How Do We Keep The Blood Sugar Stable All Day?
That’s the question that often pops into the mind of every diabetic patient when they are determined in diabetes management.
Maintaining a stable blood sugar level throughout the day reduces the risk of developing diabetic complications.
First, know the signs that tell your blood sugar level is out of control:
- If you miss a meal, you feel irritable and shout in anger
- Feel relived after eating
- Find it difficult to lose weight
- Constant sugar craving
- Feel thirsty and urinate frequently
- Often feel anxious and sluggish
- Difficult to concentrate and stay focused
- Trouble falling asleep through the night
- Long time to heal bruises
Blood sugar (also known as blood glucose) is the sugar that the blood carries to all cells in the body for energy supply. The sugar comes from the food we eat. Your blood sugar levels change throughout the day and are at the lowest level before the first meal.
After eating the body secretes insulin, a hormone is produced by the pancreas that allows the body to either use the sugar or store it for future use.
That’s how Insulin regulates the blood sugar level and tries to prevent them from getting too high or too low. Consistently elevated blood sugar levels often lead to insulin resistance, which can then result in pre-diabetes and type 2 diabetes.
In diabetic patients, impaired insulin action raises the blood sugar level suddenly and then falls sharply after eating. They can also lead to heart attack or stroke.
This blog provides simple lifestyle changes you can do to prevent blood sugar spikes in effective diabetes management.
Avoid foods high in sugar
Glycemic Index is a numerical scale that tells how quickly and by how much a particular food can raise blood sugar. The lower the GI index, the less it affects blood sugar and insulin levels.
Avoid food items like refined white sugar, white bread pasta, and soda that are high in the glycaemic Index.
Foods with a low GI score, like apples, grapefruit, broccoli, lentils, nuts, and seeds are great for keeping blood sugar levels stable.
Foods with a medium GI score like brown rice, oatmeal, sweet potatoes, and peas are good when you need quick energy, but don’t want to spike the blood sugar level.
Plan the meals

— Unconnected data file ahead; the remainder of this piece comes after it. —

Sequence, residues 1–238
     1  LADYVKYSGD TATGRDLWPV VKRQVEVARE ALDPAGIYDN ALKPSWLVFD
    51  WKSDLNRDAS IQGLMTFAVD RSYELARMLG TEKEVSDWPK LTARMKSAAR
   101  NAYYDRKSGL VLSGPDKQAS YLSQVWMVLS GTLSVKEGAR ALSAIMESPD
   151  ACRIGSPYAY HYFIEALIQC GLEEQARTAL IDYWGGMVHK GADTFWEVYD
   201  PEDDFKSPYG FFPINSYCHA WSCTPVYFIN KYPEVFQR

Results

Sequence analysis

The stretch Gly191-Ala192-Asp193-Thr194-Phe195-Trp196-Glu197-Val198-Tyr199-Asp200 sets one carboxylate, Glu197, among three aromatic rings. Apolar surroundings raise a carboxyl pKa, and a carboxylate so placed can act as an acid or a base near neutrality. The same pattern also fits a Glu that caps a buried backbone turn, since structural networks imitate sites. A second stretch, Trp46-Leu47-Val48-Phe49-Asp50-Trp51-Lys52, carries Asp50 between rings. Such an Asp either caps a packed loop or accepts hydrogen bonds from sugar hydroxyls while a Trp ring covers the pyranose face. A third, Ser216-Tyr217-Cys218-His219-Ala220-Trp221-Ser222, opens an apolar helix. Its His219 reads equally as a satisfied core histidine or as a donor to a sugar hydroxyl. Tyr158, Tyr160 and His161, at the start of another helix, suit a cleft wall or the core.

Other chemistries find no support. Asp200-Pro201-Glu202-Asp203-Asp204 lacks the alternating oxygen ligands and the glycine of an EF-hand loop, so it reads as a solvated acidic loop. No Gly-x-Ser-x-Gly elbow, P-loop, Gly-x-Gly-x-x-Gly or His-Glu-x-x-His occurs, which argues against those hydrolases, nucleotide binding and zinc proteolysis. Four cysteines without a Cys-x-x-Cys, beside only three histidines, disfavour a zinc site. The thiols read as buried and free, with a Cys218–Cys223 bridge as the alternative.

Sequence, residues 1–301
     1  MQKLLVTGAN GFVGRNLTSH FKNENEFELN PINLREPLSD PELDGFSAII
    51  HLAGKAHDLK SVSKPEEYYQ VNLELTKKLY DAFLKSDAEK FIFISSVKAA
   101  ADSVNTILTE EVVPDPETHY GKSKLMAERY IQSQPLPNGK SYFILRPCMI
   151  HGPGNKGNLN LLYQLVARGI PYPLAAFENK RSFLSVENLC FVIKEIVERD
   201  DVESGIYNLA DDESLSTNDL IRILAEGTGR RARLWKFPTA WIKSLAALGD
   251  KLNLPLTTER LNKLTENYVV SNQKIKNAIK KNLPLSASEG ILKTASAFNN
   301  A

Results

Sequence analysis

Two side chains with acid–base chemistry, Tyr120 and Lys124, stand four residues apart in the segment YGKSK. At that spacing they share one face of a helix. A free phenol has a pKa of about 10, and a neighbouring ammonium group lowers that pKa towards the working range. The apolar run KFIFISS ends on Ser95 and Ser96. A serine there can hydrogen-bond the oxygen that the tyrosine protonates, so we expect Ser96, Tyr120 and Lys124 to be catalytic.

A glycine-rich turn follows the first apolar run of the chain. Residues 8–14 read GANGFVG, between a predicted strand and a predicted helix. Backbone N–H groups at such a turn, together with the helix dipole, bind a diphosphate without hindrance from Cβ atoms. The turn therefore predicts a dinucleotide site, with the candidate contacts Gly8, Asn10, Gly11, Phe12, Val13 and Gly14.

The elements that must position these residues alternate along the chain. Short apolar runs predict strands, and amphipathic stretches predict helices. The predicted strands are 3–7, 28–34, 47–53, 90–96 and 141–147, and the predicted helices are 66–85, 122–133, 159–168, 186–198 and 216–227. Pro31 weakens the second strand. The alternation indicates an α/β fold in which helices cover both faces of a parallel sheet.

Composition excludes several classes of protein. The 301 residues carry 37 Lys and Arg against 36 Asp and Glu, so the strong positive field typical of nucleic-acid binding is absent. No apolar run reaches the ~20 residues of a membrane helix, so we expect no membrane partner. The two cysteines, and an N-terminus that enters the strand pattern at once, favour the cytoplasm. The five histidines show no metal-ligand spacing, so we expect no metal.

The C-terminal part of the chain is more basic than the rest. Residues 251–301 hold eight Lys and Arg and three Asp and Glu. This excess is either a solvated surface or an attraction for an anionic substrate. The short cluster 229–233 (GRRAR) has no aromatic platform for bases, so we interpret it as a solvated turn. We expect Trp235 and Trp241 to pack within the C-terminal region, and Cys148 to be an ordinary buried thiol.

Take time to plan the meals with fresh and nutrient-dense ingredients to control blood sugar and improve mood, energy, and overall health. Avoid packed foods.
Eat smaller more frequent meals throughout the day to maintain steadier blood sugar levels. Include protein, healthy fats, and fibre in every meal.
Avoid fasting most of the day and then having a heavy meal. This not only causes sugar spikes but also puts additional stress on the digestive system.
Choose natural sweeteners
Include natural sweeteners in moderation like raw honey, dates, and pure maple syrup in your diet. Many natural sweeteners have the bonus of providing you with essential vitamins and minerals.
Get enough protein
Protein will slow down the release of glucose into the bloodstream when it’s included in every meal. It also important for the growth and repair of muscle tissue.
Don’t exclude healthy fats
Healthy fats like coconut oil, avocado, olive oil, nuts, and seeds slow the release of glucose in the bloodstream and also provide more satiety for longer periods.
Include dietary supplements
Cinnamon and fenugreek have been used in alternative medicine for thousands of years. They have both been linked to blood sugar control.
Fenugreek seeds that are high in soluble fiber prevent blood sugar spikes by slowing down the digestion and absorption of carbs.
Berberine is a chemical that can be extracted from several different plants which reduce blood sugar spikes after a meal by 25% and increases insulin sensitivity. It is also used in cholesterol reduction, and weight loss.
Exercise helps muscles to take up more glucose to use for energy and tissue repair and lowers blood sugar in the process. Long-term exercise also makes cells more responsive to insulin and helps prevent resistance. Try to exercise at least 3 times a week.
Drink more water
A hormone called vasopressin is produced if we intake less water. This hormone encourages the kidney to retain fluid and stop the body from flushing out excess sugar in the urine.
Dehydration also prompts the liver to release more sugar into the blood.
Consider lifestyle factors
Poor sleep, stress, and high alcohol intake can negatively affect the blood sugar level. It is important to consider lifestyle interventions as well as diet for maintaining blood sugar levels.
Mindful eating, exercising regularly, maintaining a healthy lifestyle, and drinking plenty of water are the key factors to maintaining a stable blood sugar level in diabetes management.
if you have any medical conditions or are on any medications, consult with your doctor before making any changes to the diet or taking any dietary supplements.
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